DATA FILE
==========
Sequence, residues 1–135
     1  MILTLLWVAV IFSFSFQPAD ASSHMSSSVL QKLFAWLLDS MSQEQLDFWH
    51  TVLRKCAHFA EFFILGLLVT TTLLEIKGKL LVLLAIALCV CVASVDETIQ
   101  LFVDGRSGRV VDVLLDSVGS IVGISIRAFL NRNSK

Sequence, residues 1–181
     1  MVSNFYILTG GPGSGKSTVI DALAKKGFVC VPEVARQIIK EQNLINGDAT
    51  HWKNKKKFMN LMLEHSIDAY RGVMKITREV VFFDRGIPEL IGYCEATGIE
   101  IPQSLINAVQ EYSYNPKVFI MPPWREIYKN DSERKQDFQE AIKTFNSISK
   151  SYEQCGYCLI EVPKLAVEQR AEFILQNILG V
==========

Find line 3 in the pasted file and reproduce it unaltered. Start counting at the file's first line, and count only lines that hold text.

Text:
    51  TVLRKCAHFA EFFILGLLVT TTLLEIKGKL LVLLAIALCV CVASVDETIQ